Samuel Coppock departed this life March 20, 1901, at his home near Tippecanoe City, Miami county, Ohio. He was born in Miami county, Ohio, September, 21, 1817. His age was 83 years, 5 months and 29 pays. The Coppock family emigrated to this country from England in its early days. In the family of Moses Coppock, one of an illustrious Quaker family, who, to escape the intolerant requirements of the parish priests and to enjoy the liberty of conscience, came to America to begin life anew. James Coppock, a son of Moses Coppock, was born in New Cay county, South Carolina, February, 1758. In 1759 he, with his mother and sisters, was captured by the Indians. All were killed except James and one sister, 10 or 12 years of age. The sister remained a captive among the Indians, and is believed to have married a man by the name of Coate, who came to Ohio in 1806. It is not known how long James remained a captive, but he finally regained his liberty, and in 1780 he married Hannah Penn. To them were born four children, Phoebe, Moses, Susan and Martha. In 1806 James, with his family, came to Ohio, settling near the present village of Tippecanoe City, where he died in 1837, leaving only one son, Moses Coppock. In 1808, two years after coming to Ohio, Moses married Lydia Jay, and to them were born seven children, Elizabeth, James, Hannah, Samuel, Jane, John and Mary. James Coppock is yet living at Wabash, Indiana in the 87th year of his age. The youngest, Mary, is also living near Laura, Ohio.

In 1839 Samuel Coppock was married to Delana Blickenstaff, youngest daughter of Jacob and Mary Blickenstaff, who entered the northeast quarter of section 28, in Monroe township, Miami county, for which they obtained a patent deed from President James Madison, October 12, 1812. In 1856 Samuel Coppock purchased the farm from the heirs of Jacob Blickenstaff, which he improved and continued to occupy up to the time of his decease. To Samuel and Delana Coppock Were born six children, Moses, whose home is Emporia, Kansas; Jacob, of Bethel township, Miami county, Ohio; John, of Monroe; Mary, of Monroe; Elias, of near Campbellsville, Kentucky, and Elizabeth, of New Rockford, North Dakota, all of whom attended the funeral except Elizabeth. He was a member of the Quaker church by birthright, but in 1856 he joined the Brethren or German Baptist church, the church of his choice, in which he was a faithful worker as long as his health permitted. In 1866 he was elected by the church to the ministry. In 1876 he became spiritual counselor and advisor of the church of the district to which he belonged. He held these positions at the time of his death. So well did be discharge the duties incumbent upon him that he was frequently called upon by his neighbors and friends outside of the church to settle their difficulties and disputes. Financially he was successful until about 1860, when his health failed, after which he seemed to lose all interest in financial matters, giving himself almost entirely to church work. He was diligent in looking after the church district, of which he had charge. He was called upon to preach many funerals and perform numerous marriage ceremonies. His education was somewhat limited, but the word of God was always the man of his council. He read his Bible much and it is rather remarkable that, having lived sixty-two years of married life and having raised a family of six children, he, the father, should be the first of the family to cross the Dark River.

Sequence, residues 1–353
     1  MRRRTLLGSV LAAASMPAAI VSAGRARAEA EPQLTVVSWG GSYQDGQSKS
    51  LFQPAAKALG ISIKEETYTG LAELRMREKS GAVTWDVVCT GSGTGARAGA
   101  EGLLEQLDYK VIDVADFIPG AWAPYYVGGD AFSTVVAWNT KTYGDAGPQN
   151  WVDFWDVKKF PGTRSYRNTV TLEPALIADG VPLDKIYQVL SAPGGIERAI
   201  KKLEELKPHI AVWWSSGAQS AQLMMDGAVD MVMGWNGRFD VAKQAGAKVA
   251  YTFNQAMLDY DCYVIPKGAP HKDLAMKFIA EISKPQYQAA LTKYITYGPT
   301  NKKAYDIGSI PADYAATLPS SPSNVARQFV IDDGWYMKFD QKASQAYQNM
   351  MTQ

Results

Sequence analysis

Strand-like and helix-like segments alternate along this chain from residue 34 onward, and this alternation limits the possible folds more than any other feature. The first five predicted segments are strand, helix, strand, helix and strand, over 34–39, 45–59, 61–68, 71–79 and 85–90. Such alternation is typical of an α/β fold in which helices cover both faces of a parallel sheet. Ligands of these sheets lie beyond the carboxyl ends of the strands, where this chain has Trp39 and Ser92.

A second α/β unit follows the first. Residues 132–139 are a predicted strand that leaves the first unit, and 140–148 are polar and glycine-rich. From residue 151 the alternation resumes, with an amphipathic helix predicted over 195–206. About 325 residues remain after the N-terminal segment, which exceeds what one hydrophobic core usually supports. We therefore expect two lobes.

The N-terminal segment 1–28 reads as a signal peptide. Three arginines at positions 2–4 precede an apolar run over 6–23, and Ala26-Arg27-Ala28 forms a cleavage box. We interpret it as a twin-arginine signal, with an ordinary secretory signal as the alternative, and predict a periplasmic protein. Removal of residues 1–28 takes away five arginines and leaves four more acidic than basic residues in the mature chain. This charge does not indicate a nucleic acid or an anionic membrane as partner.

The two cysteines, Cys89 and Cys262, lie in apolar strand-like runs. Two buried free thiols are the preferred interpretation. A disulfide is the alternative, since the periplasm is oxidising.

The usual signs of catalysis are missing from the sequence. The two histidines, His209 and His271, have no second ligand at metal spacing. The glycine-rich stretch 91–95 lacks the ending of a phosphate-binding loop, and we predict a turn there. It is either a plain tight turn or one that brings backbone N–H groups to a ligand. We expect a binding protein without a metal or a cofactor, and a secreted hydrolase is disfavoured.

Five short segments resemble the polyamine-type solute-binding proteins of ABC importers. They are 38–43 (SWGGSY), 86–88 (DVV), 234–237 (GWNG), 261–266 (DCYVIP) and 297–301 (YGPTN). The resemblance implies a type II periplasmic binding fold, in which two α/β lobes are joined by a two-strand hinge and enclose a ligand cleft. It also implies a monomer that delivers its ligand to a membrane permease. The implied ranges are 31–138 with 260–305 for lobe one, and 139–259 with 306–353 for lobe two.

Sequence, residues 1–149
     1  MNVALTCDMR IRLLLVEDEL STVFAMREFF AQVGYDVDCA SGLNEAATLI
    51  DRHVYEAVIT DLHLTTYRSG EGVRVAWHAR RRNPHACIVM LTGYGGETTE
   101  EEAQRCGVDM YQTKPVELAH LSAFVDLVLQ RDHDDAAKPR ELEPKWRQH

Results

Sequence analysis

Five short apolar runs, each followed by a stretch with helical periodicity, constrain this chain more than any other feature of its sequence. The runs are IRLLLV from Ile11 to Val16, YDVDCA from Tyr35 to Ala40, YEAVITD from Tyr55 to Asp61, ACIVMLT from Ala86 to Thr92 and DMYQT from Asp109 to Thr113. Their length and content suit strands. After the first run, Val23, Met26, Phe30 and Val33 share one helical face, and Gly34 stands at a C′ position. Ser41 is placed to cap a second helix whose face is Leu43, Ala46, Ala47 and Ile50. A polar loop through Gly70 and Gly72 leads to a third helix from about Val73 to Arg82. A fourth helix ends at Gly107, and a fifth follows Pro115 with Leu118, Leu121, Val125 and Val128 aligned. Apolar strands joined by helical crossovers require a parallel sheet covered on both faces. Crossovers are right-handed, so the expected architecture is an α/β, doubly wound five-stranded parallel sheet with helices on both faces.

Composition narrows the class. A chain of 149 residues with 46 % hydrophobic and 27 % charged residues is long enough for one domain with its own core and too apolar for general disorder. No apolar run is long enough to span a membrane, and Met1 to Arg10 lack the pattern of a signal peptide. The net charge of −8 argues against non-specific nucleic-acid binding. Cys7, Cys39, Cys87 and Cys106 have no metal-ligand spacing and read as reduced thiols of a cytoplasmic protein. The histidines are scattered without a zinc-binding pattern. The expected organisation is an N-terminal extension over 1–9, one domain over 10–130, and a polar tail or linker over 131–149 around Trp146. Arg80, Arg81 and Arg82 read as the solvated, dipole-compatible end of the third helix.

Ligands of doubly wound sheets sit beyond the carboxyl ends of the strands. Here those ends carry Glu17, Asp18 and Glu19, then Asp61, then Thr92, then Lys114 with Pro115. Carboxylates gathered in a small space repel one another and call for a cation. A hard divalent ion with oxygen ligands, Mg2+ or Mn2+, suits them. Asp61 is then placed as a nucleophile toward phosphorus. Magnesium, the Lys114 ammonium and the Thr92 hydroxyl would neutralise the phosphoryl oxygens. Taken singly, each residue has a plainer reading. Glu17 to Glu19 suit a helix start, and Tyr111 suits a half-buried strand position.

In his death the wife, Delana, deeply mourns the departure of a faithful husband; the children a kind and indulgent father; the church a faithful servant; the community a friend and neighbor whose place cannot be filled as he filled it. He had a kind word and good counsel for all with whom he associated. His life among us was that of a Christian. His long life, except possibly about two years that he lived near Laura, was all spent in Monroe township. A number of years prior to his death he suffered much from an organic disease of the heart, which, at times, gave him great pain, yet, amid all of his bodily pain and the sorrows which fell to his lot, he never complained. He would often say he was anxiously awaiting the time of his departure, that those afflictions, which are for but a moment, work for us a far more exceeding and eternal weight of glory. His was a noble life, well worthy of example, and while we deeply feel our loss, we know that it is his eternal gain.

R. M. E.